Serving God's People in Africa since 1868

Help the Children in Zambia

I’ll have to admit that I am always amazed when I read things like this written thousands of years ago. It shows how even though so many things have changed over the course of history, so many things still stay the same. Even in ancient times, adults still knew how important it is that children need to be shown the right path in life … that every young person needs to be guided. But what happens when there are too few adults to give young people the help they need?


Train a child in the way he should go and even when he is old he will not depart from it.

Book of Proverbs

Dear John,

I’ll have to admit that I am always amazed when I read things like this written thousands of years ago. It shows how even though so many things have changed over the course of history, so many things still stay the same. Even in ancient times, adults still knew how important it is that children need to be shown the right path in life … that every young person needs to be guided. But what happens when there are too few adults to give young people the help they need?

Recently, I received a letter from Fr. Dioscoro Malugao — a Missionary of Africa priest who lives and works in Kitwe, Zambia, in southern Africa. There Fr. Dioscoro directs the Twatasha Youth Formation Target Program for children and young people who are in real need of help in learning how to survive living on their own and caring for themselves.

Zambia, like other countries in Africa, has high unemployment. This together with the impact of deadly diseases such as malaria, tuberculosis, typhoid, as well as the impact of AIDS, results in the early death of many adults. As I write this letter to you, most people in Zambia will not live beyond age 43. (The situation is improving, though. Just a few years ago, the average life expectancy was only 37 years.) Because of the short life expectancy, nearly half of the people in Zambia are only 16 years old.

It is a nation where children are desperately needing guidance on how to survive.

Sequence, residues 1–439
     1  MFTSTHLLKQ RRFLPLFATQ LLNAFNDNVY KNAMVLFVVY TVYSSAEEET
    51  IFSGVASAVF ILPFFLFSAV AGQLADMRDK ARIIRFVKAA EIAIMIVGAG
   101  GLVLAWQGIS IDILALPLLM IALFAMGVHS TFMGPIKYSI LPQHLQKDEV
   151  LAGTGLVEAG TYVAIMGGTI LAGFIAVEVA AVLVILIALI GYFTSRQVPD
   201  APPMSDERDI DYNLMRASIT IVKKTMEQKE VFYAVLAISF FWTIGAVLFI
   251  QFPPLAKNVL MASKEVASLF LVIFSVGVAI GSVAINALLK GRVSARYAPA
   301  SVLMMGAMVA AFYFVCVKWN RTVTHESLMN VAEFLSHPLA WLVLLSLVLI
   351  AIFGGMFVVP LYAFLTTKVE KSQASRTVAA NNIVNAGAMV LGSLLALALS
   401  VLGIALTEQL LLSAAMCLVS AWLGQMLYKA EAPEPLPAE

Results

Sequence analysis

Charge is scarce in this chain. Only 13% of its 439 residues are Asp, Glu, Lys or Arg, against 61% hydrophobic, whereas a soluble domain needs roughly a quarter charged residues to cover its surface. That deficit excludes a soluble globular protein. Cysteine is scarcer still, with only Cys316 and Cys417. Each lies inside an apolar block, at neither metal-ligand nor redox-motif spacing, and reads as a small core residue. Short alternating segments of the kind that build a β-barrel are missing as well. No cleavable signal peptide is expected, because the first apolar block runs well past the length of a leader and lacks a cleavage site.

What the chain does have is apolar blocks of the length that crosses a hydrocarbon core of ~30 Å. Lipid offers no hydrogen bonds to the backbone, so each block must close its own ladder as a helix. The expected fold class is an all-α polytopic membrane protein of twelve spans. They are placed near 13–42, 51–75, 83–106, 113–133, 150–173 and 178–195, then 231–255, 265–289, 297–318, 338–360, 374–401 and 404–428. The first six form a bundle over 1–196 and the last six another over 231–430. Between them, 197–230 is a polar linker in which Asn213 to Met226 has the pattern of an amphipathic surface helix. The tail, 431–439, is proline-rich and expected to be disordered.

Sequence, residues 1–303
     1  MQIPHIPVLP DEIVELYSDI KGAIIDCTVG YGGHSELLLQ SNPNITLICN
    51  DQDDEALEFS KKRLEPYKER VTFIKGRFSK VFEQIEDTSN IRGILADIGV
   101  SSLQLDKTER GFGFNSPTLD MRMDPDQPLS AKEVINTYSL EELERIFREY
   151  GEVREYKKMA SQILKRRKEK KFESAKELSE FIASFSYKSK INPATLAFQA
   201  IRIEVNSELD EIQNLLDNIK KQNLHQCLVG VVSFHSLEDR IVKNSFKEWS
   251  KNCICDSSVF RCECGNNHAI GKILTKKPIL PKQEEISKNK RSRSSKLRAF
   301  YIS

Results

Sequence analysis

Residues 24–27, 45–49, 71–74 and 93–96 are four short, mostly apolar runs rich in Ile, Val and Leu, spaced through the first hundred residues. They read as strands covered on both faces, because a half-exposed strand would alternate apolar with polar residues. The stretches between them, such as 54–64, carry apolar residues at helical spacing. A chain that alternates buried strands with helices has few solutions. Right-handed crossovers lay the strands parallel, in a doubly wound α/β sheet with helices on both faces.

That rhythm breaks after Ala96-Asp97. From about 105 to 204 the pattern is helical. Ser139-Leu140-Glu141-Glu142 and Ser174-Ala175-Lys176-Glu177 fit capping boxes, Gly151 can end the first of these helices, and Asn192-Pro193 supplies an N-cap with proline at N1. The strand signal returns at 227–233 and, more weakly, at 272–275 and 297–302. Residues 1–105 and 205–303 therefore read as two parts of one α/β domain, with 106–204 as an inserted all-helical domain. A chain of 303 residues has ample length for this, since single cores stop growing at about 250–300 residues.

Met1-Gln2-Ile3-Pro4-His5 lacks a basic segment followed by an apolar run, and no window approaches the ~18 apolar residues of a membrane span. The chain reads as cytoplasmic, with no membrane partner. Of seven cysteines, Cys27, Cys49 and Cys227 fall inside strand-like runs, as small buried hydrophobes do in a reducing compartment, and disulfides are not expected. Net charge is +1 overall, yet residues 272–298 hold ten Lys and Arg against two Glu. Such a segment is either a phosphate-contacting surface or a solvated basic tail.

“Our goal,” Fr. Dioscoro writes, “is to support vulnerable young people and help them
realize their potential in society. We are doing this by teaching them vocational skills which will enable them to become self-reliant . . . to think, act, support and care for themselves.”

“We have a number of training programs underway,” Fr. Dioscoro continues. “We have begun raising broiler chickens and growing vegetables as well as teaching carpentry and metal fabrication. Our aim is to help these young people transform themselves, to live on their own. But because we are in a very poor region — and the young people we are helping have no money — any income we generate is not enough for us to cover the costs of the program. We need outside financial assistance.”

“That is why I am writing to you. Can you help us?”

My friend, as I read Fr. Dioscoro’s letter, the passage from the Book of Proverbs (which I shared with you at the beginning of my letter) kept coming to mind. “Train a child in the way he should go . . . .” How critical that is — especially in these challenging times! But what happens when there are no adults around to offer children and young people the training they need? That’s why the work of missionaries like Fr.Dioscoro is vital in the lives of the poor.

The need among children continues to be a critical all throughout Africa. Whether related to education and job training, or healthcare, or for basic living necessities such as food, water, clothing and shelter — nearly every week, I receive a letter from a missionary telling me of another group of children in need. That is why I am praying that we can raise at least $40,000 to help Fr. Dioscoro’s mission in Zambia as well as the children in other missions across the continent.

As I have tried to explain before, our missionaries do not receive government funding to accomplish their work among the poor. It is because of the kindness, generosity and caring of individuals like yourself that we are able to offer food, clothing, water, shelter, medicine, education, pastoral care and other basic living necessities for those in need. It is because of you that a child will get a meal or be trained “in the way he should go.” God bless you!